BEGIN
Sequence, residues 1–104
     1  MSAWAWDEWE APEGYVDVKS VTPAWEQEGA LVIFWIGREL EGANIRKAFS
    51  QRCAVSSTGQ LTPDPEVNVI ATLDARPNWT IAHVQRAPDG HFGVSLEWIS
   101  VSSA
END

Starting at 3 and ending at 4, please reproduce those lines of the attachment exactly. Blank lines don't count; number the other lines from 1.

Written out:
    51  QRCAVSSTGQ LTPDPEVNVI ATLDARPNWT IAHVQRAPDG HFGVSLEWIS
   101  VSSA